In Jim Cook's Archive


A new version of the film, “Manchurian Candidate,” replaces the old movie’s Korean War villains with a new set of wrongdoers, the managers of a mutual fund. It’s totally preposterous. The evil company, Manchurian Equities, implants devices in the brains of innocent soldiers to make them kill the newly elected U.S. president. The old movie was good, but the goofy addition of an equity fund as the villain ruins the new movie. The Hollywood left insists on painting business persons as arch criminals, even though it’s ridiculous. They like to depict free enterprise, capitalism and business leaders as a source of evil and criminality. Somehow they think that will influence enough people to further their left-wing agenda.

If it would do any good, someone should read them Llewellyn Rockwell, Jr.’s case for capitalism. “The market economy has created unfathomable prosperity and, decade by decade, century by century, miraculous feats of innovation, production, distribution, and social coordination. To the free market, we owe all material prosperity, all leisure time, our health and longevity, our huge and growing population and nearly everything we call life itself. Capitalism, and capitalism alone, has rescued the human race from degrading poverty, rampant sickness, and early death.”

Lew Rockwell runs the Ludwig von Mises Institute in Auburn, Alabama. Over the weekend I read his excellent book, “Speaking of Liberty.” He explains why so much hostility exists towards business. “Whether in the arts, entertainment, or academia, the dominant players are talented people who believe that they are wiser and better than the masses. They are appalled that capitalism permits a B-school dropout to become a billionaire while they scrape by for a measly raise when promoted from assistant to associate professor. They set out to cripple the system that brings this about.”

And what does this envy lead to? Rockwell continues, “Outside of one or two economics professors, nearly the entire liberal arts faculty of the typical university is reliably anticapitalist. As a class, liberal arts academics can be depended on to oppose economic development, support high taxes, and latch on to every anti-enterprise cause that comes along.”

Economist, Thomas Sowell writes, “Think about the things that have improved our lives the most over the past century – medical advances, the transportation revolution, huge increases in consumer goods, dramatic improvements in housing, the computer revolution. The people who created these things – the doers – are not popular heroes. Our heroes are the talkers who complain about the doers.”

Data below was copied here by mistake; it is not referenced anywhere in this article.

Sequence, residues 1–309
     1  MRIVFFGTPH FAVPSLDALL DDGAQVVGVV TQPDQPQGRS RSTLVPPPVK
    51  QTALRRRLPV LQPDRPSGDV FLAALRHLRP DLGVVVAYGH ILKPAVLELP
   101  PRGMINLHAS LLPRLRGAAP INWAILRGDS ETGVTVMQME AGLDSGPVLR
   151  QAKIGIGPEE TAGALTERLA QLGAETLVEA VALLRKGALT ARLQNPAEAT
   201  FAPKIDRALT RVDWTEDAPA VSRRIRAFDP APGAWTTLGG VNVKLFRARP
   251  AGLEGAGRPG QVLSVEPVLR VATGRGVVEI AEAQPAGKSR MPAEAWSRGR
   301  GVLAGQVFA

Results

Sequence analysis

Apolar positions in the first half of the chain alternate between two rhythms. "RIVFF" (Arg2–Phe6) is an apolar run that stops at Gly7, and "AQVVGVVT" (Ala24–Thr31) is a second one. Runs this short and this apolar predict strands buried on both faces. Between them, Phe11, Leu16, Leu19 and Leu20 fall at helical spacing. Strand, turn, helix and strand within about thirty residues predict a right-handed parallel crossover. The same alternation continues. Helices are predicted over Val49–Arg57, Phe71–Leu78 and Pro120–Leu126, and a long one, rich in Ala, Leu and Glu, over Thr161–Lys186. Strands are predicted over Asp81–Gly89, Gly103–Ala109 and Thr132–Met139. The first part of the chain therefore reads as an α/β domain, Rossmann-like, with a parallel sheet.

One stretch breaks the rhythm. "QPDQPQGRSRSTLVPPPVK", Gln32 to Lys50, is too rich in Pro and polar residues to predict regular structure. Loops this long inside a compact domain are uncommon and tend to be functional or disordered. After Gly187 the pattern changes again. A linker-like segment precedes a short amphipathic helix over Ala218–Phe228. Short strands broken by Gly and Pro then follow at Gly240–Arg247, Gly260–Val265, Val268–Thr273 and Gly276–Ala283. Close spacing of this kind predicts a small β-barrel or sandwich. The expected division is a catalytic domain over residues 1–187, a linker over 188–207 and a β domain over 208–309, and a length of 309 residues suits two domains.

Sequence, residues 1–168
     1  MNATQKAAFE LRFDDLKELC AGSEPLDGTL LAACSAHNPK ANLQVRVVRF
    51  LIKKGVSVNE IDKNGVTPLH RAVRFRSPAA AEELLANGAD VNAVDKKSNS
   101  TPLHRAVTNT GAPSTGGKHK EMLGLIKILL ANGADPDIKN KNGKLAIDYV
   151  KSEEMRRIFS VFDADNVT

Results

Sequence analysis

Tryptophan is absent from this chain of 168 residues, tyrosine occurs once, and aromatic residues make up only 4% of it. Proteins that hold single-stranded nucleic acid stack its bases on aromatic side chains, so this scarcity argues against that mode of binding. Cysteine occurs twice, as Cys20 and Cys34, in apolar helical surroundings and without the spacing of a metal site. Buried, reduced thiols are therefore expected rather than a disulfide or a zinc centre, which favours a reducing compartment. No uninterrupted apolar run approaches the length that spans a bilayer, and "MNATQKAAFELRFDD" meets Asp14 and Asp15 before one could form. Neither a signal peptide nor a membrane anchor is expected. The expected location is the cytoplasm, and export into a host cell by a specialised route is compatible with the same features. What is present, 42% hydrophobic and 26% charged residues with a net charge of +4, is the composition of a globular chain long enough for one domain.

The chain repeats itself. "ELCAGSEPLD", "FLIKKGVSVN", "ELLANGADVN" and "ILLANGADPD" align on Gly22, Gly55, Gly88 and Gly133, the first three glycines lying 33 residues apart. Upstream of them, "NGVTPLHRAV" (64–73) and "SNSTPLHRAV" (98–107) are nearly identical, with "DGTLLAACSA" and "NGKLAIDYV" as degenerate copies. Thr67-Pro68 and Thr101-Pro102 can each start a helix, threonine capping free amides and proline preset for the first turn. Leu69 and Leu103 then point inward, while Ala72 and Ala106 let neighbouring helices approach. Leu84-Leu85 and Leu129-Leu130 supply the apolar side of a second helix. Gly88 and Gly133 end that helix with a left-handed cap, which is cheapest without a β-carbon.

He continues, “There was a time when most people lived and died within a 50-mile radius of where they were born. The automobile opened a whole new world to these people. It also enabled those living in overcrowded cities to spread out into suburbs and get some elbow room. Trucks got goods to people more cheaply and ambulances got people to hospitals to save their lives. Yet who among the people who did this are today regarded as being as big a hero as Ralph Nader, who put himself on the map with complaints about cars in general and the Corvair in particular? Hard data on automobile safety and tests conducted on the Corvair both undermined Nader’s claims. But he will always be a hero to the talkers.”

Lew Rockwell points out, “The philosopher who strolls around speculating on the meaning of life is seen as the highest form of humanity, while the man who risks his own money to make available food, shelter, medicine, clothing, and all the other material goods that make life livable is despised.”

Animosity towards the merchant class has been around for centuries. Why? The goal of making a profit is quite obviously a self-serving motive. Other occupations, while equally self-serving, are better able to hide their motives. Even though a merchant must provide services for others in order to profit, that part of the equation is overlooked. They’re condemned for making a profit.

Lew Rockwell explains how well this profit system works, “It balances human needs with the availability of all the world’s resources, unleashes the amazing power of human creativity, and works to meet the material needs of every member of society at the least possible cost. It does this through exchange, cooperation, competition, entrepreneurship, and all the institutions that make possible capitalism – the most productive economic system this side of heaven.”

Not long ago I read an article about China and the kind of heroes they glorify in their media. They write about entrepreneurs and business leaders. Contrast that with our hero worship of hip-hop musicians and dysfunctional movie stars. You can read newspaper and magazine articles endlessly about athletes, politicians and entertainers, but not business people (except for a handful, like Martha Stewart, who get into trouble). Do you have any doubts that the Asians will outdo us?

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